Anthony Takes Yellow, Van Ulden Wins Explosive Stage At NVGP

Posted on 18. Jun, 2011 by in race

KABOOM. Chinks, small chinks but chinks none the less, were seen in the UnitedHealthcare armor on Friday evening and the other teams were ready to take advantage of them in Friday’s Menomonie Road Race, stage 5 at the Nature Valley Grand Prix. The Kelly Benefit Strategie-Optumhealth team made it an all or nothing stage and it paid off for them, hoisting Jesse Anthony into yellow after an amazing stage.

Riders were chomping at the bit during the short neutral section of the 100-mile stage, waiting to pounce, moving up on the side to always stay at the front. The first attack was launched by BISSELL as soon as the whistle was blown and the rollers started. The whole stage was up and down, with four KOH climbs and a lot more uncategorized.

Jesse Anthony (KBS-Optumhealth) pushes the pace in the 1st group

Jesse Anthony (KBS-Optumhealth) pushes the pace in the 1st group

None stop attacking at the beginning with BISSELL, Jelly Belly p/b Kenda, KBS-Optumhealth, Exergy and more all trying to go before the first KOH, 12 miles into the race. And it worked, a move with Kyle Wamsley (BISSELL), Sergio Hernandez (Jelly Belly), Logan Hutchings (ELBOWZ), Matt Cooke (Exergy) and Luis Amaran (Jamis/Sutter Home) had a gap of 50 seconds by the first KOM won by Wamsley in a duel with Hutchings. The two would continue to battle it out for the KOH points for the next two opportunities.

The five rolled through the first intermediate point sprint with Cooke, Hernandez and Hutchings taking points as the gap was now 1:50 to the field. The five continued to rotate with Wamsley showing some difficulties on some of the harder rollers but he always clawed his way back. The gap was over two minutes as they approached the next KOH climb. Once again, Wamsley took top points, edging out Hutchings and Amaran was third.

Behind them in the field, KBS put the hammer down on the steep climb. After working very hard for three stages, two of them criteriums, the crit specialists on the UHC squad could simply not respond to the massive accelerations on the climbs. The field exploded as the green team launched Anthony and two teammates Andy Bajadali and Marsh Cooper. Joining them in a chase group were Chris Baldwin, Andy Jacques-Maynes and Frank Pipp of BISSELL, Andres Diaz and Freddie Rodriguez of Exergy, Heath Blackgrove and Joseph Schmalz of ELBOWZ, Brad Cole of Mercy, Chad Haga of Rio Grande, Tyler Wren of Jamis/Sutter Home and Rory Sutherland of UnitedHealthcare.

UHC had not given up and the gap was going the other way, down to one minute by the time the chase group connected with the break just before the third KOH at mile 44. After battling to take top points, Wamsley popped and dropped out of the break while Tom Zirbel (Jamis/Sutter Home) bridged up solo.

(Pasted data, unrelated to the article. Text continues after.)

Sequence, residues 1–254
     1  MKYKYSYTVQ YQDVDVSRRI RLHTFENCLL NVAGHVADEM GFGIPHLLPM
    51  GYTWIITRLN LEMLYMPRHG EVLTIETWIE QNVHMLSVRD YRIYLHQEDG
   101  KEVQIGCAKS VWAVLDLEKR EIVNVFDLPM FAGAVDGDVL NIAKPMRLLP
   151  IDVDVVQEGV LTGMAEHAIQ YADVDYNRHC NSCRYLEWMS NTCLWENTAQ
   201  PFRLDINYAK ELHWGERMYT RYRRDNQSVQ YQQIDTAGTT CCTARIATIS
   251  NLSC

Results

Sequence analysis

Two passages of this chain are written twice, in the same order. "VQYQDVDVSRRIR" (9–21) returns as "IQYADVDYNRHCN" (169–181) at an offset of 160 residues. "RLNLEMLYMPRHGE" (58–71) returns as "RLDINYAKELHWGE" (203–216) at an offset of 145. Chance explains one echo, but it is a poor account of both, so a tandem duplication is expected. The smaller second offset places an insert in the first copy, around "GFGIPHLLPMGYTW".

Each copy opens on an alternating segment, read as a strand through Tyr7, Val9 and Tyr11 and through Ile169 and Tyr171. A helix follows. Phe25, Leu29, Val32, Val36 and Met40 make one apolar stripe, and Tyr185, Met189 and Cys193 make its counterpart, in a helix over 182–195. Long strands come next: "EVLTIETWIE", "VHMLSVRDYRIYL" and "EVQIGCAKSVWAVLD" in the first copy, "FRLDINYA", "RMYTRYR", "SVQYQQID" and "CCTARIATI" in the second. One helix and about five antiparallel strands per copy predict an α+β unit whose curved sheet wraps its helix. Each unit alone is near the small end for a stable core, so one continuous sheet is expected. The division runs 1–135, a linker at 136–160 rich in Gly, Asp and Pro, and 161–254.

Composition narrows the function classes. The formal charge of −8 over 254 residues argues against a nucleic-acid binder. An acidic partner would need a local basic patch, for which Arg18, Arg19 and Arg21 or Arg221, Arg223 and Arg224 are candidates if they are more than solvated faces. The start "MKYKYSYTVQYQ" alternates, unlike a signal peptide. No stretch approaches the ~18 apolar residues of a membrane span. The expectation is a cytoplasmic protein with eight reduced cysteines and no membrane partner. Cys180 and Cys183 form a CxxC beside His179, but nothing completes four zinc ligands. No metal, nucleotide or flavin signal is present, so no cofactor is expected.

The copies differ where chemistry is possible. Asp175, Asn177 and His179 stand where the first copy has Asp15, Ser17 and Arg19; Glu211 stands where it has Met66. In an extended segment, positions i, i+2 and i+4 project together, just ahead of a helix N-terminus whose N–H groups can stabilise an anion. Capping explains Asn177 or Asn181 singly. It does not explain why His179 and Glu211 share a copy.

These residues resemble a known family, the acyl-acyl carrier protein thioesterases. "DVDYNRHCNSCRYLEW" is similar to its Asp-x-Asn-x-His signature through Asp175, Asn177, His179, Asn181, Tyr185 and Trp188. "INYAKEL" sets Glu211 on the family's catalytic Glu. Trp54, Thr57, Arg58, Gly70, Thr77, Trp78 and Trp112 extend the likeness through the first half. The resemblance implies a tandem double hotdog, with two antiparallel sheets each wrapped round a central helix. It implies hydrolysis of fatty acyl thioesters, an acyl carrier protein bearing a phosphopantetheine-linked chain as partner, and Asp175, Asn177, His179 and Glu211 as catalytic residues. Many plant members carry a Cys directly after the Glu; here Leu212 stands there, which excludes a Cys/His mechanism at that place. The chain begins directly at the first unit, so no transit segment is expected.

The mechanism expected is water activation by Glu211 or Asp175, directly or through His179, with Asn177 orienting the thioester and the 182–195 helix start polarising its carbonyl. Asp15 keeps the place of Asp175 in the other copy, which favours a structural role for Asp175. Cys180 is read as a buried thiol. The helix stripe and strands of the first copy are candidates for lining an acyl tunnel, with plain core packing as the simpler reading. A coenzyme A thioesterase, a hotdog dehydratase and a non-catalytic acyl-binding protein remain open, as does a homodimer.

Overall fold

It became a numbers game as the break powered away with Sutherland sitting on in the back, looking over his shoulders to see if his teammates were in view. The extra fire-power in the break pushed the gap back up, one minute, two minutes. Cole was the next one in the break to drop back with the high tempo set at the front while both Cooper and Zirbel had mechanicals. Amaran dropped back to pace Zirbel back in while Cooper yo-yoed off the back, hanging on as he could but would eventually fade back.

But it wasn’t over yet as another chase group was coming, with Reid Mumford (KBS-Optumhealth), Bernard Van Ulden (Jelly Belly), Jamey Driscoll (Jamis/Sutter Home) and Jay Thomson (BISSELL). The chase group connected just before a dirt road section as they sped back towards town with the gap holding below two minutes.

But the organization in the field stopped, there was no one left with the engine to chase such a big group down and by the second feedzone, at mile 72, the gap was almost five minutes back. The plan had worked and now it was time to start thinking about stage victory and yellow jersey for the teams in the break.

With 30 miles to go, and 8 miles to the four finishing circuits, the attacks at the front started and the big group broke apart. Shuffling and re-shuffling led to seven riders breaking away. Thomson, Rodriguez, Anthony, Hutchings, Blackgrove, Van Ulden and Amaran were off with Diaz joining them before they entered the circuit. (Note that Diaz & Rodriguez were both penalized by 20 seconds for drafting behind team cars.)

The eight riders entered the circuits with over a minute on the next group, making Anthony the virtual leader on the road. But with time bonus seconds of 12, 8 and 6 at the finish line, stage placings were also important. The games were on.  Anthony was at the front pushing the pace with two laps to go.